But Coulson had his own emotional drama tonight, as Melinda May violated every warning about the Darkhold in her effort to bring him back. He witnesses her conversation with herself, trying to battle the knot in her stomach suggesting Coulson and the others aren’t coming back. Daisy was right about the situation, but May is far too hard-bitten a realist to not allow the possibility Coulson is gone. But then, she remembers the book, and all bets are off. There’s an even deeper well of connection there than we assumed. I don’t know if the show is teasing a romantic relationship developing between them, but the intensity of their feelings can’t be denied. Especially not after Aida triggers the doorway between the two dimensions, and Coulson, losing his struggle to remain in this reality, sees and hears May calling to him. That moment of awareness triggers something in him, and he pulls himself back up and through the gate. He cares about his whole crew, but May is the one who saved him, no matter how much everyone else helped.


Daisy, after all that’s happened, still can’t bring herself to admit that her place is here alongside her teammates. True, she’s still technically a wanted fugitive, but aligning with S.H.I.E.L.D. is a smarter move in the long run than continuing to try and live off the grid. And when Mack goes AWOL, she steals Robbie’s car without a second thought. (Unless you count “Never tell your brother about this next part” as a separate idea.) When she heads off at the end, the pause conveys far more than her actions—she wants to be here, with her family, and she knows it. She just can’t admit it yet.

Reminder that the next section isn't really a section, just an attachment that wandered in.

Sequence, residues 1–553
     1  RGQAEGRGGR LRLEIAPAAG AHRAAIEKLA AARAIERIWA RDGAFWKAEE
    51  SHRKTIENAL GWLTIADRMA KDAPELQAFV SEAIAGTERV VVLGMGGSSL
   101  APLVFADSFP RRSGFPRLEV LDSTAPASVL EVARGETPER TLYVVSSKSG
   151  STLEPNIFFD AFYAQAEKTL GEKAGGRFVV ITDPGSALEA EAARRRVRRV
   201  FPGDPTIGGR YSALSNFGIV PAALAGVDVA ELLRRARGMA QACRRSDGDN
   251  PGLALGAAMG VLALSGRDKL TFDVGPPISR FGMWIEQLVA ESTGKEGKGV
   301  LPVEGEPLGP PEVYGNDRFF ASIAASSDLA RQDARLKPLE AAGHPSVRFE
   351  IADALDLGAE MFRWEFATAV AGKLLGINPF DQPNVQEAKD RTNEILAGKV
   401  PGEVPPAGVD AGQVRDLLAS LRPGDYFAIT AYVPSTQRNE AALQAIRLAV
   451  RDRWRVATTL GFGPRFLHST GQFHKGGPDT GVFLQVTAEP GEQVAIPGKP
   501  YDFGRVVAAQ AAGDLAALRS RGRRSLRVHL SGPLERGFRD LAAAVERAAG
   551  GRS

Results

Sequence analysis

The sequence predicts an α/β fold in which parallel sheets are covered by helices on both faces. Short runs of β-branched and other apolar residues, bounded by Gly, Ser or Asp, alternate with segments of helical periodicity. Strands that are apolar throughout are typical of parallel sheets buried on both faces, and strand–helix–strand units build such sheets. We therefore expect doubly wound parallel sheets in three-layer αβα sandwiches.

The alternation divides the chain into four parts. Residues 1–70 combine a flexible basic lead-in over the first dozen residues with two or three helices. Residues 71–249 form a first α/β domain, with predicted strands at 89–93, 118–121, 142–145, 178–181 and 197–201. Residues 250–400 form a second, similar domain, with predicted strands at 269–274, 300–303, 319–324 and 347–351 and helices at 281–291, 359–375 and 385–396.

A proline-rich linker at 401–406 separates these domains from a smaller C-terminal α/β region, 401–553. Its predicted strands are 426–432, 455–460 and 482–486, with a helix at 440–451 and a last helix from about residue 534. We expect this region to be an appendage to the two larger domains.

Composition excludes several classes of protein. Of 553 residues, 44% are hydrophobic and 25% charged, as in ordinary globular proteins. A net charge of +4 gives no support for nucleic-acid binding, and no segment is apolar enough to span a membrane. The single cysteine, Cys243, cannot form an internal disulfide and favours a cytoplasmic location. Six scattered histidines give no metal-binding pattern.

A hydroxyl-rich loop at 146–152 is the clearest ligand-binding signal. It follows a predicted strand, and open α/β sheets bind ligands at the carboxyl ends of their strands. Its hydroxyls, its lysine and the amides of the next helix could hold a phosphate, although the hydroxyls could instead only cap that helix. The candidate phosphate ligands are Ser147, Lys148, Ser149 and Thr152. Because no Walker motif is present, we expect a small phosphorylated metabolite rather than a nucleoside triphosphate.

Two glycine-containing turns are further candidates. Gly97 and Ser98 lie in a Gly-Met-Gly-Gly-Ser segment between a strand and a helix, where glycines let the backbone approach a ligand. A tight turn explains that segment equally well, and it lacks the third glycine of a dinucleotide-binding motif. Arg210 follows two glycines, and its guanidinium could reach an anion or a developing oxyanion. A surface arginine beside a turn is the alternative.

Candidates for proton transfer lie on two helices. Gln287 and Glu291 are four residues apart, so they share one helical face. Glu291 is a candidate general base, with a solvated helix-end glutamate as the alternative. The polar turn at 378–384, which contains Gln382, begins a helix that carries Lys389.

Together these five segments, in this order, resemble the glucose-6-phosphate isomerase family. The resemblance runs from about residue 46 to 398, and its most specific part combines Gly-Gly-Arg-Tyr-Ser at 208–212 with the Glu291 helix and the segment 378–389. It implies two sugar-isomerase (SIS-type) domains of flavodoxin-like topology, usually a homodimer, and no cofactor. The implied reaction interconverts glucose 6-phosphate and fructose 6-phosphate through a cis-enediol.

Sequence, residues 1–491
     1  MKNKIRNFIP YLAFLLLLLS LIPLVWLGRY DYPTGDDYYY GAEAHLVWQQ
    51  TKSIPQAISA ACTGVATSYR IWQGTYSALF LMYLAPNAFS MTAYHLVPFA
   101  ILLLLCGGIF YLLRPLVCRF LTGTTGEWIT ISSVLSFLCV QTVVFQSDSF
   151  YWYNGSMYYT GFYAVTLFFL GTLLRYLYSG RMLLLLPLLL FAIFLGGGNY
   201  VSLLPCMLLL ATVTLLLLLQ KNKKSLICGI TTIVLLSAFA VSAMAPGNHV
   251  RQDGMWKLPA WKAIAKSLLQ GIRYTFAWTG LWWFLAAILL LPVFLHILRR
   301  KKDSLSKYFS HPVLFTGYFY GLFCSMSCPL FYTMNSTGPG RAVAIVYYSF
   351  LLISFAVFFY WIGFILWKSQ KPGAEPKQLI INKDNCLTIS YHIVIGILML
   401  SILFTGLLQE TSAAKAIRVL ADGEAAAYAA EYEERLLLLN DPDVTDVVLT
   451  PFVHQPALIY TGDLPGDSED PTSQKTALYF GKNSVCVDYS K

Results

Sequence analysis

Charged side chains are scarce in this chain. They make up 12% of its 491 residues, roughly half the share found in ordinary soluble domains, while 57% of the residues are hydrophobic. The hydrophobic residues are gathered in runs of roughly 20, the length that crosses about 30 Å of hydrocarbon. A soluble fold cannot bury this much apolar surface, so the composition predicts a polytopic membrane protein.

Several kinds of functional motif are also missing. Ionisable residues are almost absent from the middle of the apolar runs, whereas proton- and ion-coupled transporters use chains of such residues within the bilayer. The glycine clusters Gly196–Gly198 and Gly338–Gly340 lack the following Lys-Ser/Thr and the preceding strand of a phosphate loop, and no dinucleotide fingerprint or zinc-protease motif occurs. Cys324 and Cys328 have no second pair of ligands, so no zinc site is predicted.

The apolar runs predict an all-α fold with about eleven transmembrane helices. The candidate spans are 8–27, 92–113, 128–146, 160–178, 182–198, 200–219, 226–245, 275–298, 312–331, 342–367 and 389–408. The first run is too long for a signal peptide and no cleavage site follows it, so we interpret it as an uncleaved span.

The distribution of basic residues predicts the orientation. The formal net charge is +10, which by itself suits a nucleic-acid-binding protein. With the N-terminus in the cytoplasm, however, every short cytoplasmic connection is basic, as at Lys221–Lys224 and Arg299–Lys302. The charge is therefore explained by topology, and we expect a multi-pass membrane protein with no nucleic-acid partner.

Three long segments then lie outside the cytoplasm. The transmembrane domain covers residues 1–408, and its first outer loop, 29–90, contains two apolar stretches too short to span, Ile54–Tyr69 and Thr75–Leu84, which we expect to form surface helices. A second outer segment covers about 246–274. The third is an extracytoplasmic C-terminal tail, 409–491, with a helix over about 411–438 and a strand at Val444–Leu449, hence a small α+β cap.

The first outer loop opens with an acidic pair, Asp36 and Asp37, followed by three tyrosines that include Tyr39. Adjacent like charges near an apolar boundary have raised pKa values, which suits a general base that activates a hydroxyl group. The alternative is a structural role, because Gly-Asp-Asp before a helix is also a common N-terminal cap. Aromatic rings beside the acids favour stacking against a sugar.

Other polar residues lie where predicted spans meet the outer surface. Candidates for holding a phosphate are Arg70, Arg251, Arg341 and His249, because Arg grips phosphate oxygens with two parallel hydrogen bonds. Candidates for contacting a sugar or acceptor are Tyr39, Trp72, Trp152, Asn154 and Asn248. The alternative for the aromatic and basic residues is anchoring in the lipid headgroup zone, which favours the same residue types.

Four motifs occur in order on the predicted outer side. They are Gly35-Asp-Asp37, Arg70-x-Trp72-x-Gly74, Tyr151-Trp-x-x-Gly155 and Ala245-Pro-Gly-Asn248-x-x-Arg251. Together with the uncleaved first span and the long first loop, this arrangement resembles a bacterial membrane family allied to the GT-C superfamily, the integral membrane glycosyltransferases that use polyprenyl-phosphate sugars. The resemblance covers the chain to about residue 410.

Aida, Aida, Aida. The android saves the day, but at the cost of imperiling everyone going forward. The secrets of the Darkhold are now contained in her android brain, and she’s already busily fashioning herself some sort of brain-shaped creation using her newfound powers. It’s been barely more than a year since the events of Avengers: Age Of Ultron, but by all indications, another A.I. creation tasked with saving lives is about to exceed its programming, this time in the small-screen arena of the MCU. Next week looks to be the showdown with Eli and his new something-from-nothing powers (that get put to stabbing use almost immediately), but we’re already busy being prepped for our next big threats. Senator Nadeer may think she’s tough, and whatever powers have been given her brother (we’re assuming that’s who was inside the Terrigenic cocoon that Jemma broke through, yes?) will undoubtedly play a role in what happens next, but frankly, an android with the powers of the Darkhold, assuming it knows what’s best for us? A little more concerning.


Stray Observations:

  • Speaking of the Darkhold: That book still looks stupid.
  • We only had Radcliffe for five minutes, and not only did we get a stinger with him singing the blues, but we got a line like this: “I’m building an interdimensional gateway with an android I built. If this works, I could die happy.”
  • There’s no way spending seven months stuck in a Terrigenic cocoon doesn’t make you a little unstable. Then again, maybe he just overheard some of whatever his sister’s people are planning to do to him.
  • Despite Mace’s duplicity regarding Nadeer blackmailing him, his heart still seems to be in the right place. And he’s still a boy scout, at least when it comes to Mack disobeying him. “Driving off against orders? With no helmet? He knows better.”
  • “Dude. What?” Robbie, just saying what most are usually thinking when Fitz launches into tech-speak.
  • Poor Nathanson. He helped carry May out of the lab, and she doesn’t even know his name.
  • A great shot tonight, when Aida is building the gateway and the camera rotates around the machine, first showing Fitz and Coulson’s perspective and then shifting to the others’.
  • Minor quibble: The show’s colors still don’t pop enough. It should be more distinct if you’re going to darken an entire version of each scene.
  • Looks like we were right: Doctor Strange didn’t have an impact on this episode, despite the monthlong break since the last one. Sorry, fans of Stephen Strange—no shout-outs from Agents Of S.H.I.E.L.D.